toyzruskid asked: Don't have anything to ask. I just wanted to tell you I LOVE this theory. It's the best one I've read from anyone. I could totally see it happening!
Thank you! So can I, and it’s killing me!
That whole exchange has been bothering me ever since I saw the episode. Because the fact is, Sherlock has been nicer, and not just to Joan (remember in Step Nine, when he told that officer in Scotland yard that he wasn’t slipping, he had just become more courteous?). He has also changed before, even when he believed he couldn’t (Joan’s whole speech to him in The Deductionist as case in point). This season, though, we’ve been watching him backsliding, watching him become more arrogant, less considerate. It’s weird, and all things being equal, out of character. He had been getting better, why would he start getting so markedly worse?
Because not all things are equal. I think there’s an influence outside of our awareness that’s causing this. And her name is Jamie Moriarty.
The letter that Sherlock got from Moriarty talked about how anyone could really know a person. That was almost certainly not the only letter he’s gotten from her. I think that as the letters have gone on, she’s continued in that vein. How can anyone really know a person? How much does he really know Joan? (She slept with his brother, after all, willingly, and Sherlock isn’t able to figure out why.) And how much does Joan really know him? From the beginning, it’s been her job to change him, hasn’t it? Stop him from taking drugs, make him a nicer person, etc. Who does she think he is? He’s fine the way he is. He doesn’t need to change. And she doesn’t like him, does she? She just likes him as a project. Likes the person she thinks he should be.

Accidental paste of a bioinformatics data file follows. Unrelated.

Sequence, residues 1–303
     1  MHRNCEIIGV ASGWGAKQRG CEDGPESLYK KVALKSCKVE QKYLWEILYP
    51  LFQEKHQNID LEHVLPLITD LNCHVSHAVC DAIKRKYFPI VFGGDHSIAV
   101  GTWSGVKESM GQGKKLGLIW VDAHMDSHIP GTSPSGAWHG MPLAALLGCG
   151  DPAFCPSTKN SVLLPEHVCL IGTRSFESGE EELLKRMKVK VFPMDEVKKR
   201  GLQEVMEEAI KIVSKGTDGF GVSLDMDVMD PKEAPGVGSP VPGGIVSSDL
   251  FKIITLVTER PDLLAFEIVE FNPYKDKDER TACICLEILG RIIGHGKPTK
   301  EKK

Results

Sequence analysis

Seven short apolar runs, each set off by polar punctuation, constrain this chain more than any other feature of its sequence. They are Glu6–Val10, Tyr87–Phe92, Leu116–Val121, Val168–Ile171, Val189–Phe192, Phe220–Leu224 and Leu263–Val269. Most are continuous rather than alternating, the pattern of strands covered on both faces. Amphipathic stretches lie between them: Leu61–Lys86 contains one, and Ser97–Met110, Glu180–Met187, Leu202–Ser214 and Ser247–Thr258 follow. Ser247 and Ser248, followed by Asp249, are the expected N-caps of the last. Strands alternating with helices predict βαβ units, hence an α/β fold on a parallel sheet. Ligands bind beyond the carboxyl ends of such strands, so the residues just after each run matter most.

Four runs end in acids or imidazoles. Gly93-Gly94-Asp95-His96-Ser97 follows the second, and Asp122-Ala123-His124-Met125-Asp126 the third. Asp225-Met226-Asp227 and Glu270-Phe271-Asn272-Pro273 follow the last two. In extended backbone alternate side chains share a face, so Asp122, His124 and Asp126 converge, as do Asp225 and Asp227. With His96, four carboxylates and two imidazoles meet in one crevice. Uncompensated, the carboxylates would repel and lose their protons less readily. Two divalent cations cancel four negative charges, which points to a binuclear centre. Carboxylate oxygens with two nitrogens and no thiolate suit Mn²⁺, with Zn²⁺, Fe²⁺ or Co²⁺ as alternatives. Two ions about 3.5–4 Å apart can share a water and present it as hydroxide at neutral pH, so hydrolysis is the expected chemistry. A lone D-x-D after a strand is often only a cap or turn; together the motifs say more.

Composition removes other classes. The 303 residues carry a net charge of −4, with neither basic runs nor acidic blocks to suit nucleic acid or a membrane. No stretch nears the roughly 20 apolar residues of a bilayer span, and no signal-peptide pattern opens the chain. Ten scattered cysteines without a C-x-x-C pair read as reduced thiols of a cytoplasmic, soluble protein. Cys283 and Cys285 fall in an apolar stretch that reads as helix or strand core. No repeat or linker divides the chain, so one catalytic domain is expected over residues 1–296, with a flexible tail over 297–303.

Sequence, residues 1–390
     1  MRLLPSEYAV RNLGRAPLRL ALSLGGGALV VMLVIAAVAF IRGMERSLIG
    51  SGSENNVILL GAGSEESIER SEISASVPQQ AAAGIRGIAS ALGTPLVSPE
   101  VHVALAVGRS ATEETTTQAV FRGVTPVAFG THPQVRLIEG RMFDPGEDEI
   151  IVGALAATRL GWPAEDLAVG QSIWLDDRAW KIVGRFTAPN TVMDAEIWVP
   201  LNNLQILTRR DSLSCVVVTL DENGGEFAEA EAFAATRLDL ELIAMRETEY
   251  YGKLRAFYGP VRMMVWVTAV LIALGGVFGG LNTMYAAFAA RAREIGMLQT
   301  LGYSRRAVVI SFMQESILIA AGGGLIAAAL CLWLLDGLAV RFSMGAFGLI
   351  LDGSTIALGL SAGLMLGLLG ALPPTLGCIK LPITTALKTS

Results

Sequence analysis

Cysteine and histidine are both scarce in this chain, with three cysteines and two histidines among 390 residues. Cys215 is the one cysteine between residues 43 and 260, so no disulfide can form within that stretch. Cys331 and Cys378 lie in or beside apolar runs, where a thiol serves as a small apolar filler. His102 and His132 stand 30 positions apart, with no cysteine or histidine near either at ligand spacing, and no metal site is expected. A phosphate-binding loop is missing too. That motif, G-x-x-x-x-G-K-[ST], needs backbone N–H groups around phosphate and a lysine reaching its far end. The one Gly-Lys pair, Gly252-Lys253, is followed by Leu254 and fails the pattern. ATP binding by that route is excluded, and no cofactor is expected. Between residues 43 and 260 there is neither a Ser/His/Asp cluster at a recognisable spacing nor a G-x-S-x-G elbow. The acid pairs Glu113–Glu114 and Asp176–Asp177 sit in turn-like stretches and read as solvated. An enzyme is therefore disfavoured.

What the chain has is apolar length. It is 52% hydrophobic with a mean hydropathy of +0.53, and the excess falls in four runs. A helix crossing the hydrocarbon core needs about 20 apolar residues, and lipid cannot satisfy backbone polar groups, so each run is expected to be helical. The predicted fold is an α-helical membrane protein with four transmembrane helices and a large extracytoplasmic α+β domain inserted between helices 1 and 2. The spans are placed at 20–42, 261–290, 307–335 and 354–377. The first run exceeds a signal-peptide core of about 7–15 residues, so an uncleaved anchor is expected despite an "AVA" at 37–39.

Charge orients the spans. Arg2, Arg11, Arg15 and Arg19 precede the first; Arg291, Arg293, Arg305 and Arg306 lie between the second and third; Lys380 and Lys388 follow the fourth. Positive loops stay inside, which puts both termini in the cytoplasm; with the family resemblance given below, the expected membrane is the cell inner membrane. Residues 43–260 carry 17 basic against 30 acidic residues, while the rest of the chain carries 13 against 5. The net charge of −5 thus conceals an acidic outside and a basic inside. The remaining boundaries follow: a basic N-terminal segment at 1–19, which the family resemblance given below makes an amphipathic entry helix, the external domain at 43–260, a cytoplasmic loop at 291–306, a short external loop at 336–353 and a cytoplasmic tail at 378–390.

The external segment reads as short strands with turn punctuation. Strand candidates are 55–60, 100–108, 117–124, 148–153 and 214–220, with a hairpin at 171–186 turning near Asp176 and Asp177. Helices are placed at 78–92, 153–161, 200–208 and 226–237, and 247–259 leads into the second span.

But Moriarty knows him, because she’s just like him. The two of them are above everyone else. They don’t need rules, they’re above rules. And why should Sherlock suppress his criminal urges, they are part of who he is and he will not change.
I predict Sherlock is going to get very, very dark indeed. I also predict that this same line of thinking is going to drive him to a relapse. Not only because he will lose Joan as his anchor, but because he will also come to doubt the whole premise that led to his recovery in the first place.
totalfangirl221b asked: You can have your own personal opinion on Mary, so let me have mine without criticising me about it. I wasn't being sexist, I was simply saying that I don't want her to get in the way all the time, like if she were to just stand in their way and be stupid. I want her to stand there and say something to help them with the case, but I want it to also be Sherlock and John alone sometimes.
When you post on the internet, be ready for reaction. I have just as much right to express my opinion about your view as anyone. If you don’t like other people disagreeing with you, find a password protected blog site.
Also, more negativity about Mary: “stand in their way and be stupid”, “stand there and say something to help them with the case”. So, she’s either just in the way or she’s doing something only for the boys. Do you see the problem with your language about this character? Without even seeing anything yet you’ve turned her into a nag, or just an attachment to be useful for Sherlock and John.
The passivity of it bothers me the most. In either case, Mary’s just “standing there.” Like she doesn’t have an active life of her own and an active, important life with John. That right there smacks of misogyny.